Old school marketing for music shows and events is alive and well in the Mission District. Many flyers and posters are typically glossy and slick, but the hand-drawn ones have a low-fi, punk charm. Come upon a vertical surface— telephone poles, construction barriers, boarded-up storefronts—it’ll likely be covered with notices. During my political activist Berkeley days, groups of us would go “sniping.” We’d affix campaign posters and rally flyers everywhere with a staple gun. We had an efficient system: one would hold up the flyer the other would staple it with the gun. We’d arrange them in grids for maximum visual effect.
There was this unwritten rule that you’d never tear down other people’s stuff—that’d be uncool (unless they were Republican campaign posters—we rationalized they were doing it to us Dems). So we’d only cover up the ones that were out-of-date. Now that practice seems so quaint and idealistic given that these days competition for consumers’ attention is so fierce. But that’s not what’s happening as evidenced by the layers upon layers of flyers in these photos. It’s nice to know that the “rules of the flyer” still apply.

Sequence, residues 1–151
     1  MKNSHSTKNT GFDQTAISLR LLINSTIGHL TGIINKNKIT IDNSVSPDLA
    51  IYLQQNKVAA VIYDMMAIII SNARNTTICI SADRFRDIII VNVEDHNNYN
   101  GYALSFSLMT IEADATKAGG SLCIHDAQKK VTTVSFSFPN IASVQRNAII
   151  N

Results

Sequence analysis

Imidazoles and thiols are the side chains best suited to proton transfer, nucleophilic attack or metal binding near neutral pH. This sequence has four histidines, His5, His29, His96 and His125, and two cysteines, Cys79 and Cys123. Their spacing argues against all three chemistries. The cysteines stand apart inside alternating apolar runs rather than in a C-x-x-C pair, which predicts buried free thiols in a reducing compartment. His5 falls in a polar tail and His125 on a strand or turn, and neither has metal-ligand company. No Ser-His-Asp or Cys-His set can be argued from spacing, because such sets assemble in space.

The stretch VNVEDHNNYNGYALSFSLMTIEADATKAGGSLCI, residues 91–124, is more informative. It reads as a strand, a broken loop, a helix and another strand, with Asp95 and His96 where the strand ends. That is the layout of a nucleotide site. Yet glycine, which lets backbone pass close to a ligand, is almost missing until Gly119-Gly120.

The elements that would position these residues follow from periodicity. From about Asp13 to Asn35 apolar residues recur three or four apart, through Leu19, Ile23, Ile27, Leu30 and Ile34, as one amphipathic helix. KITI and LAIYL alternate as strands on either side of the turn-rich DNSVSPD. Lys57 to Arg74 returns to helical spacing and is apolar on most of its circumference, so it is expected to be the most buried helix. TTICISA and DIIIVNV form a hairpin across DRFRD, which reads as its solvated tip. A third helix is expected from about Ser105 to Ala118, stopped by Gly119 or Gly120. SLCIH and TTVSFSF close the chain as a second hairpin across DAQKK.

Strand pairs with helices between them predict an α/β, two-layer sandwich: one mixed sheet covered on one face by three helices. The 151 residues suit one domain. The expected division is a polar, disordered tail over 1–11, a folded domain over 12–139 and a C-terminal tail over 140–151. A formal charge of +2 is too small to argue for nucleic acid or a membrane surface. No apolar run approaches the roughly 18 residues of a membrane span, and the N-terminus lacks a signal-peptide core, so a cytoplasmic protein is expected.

Penny rounded up a crew of skateboard rats and bike messengers and enlisted them to plaster every telephone pole and construction site barrier with Hayden Korr Band posters.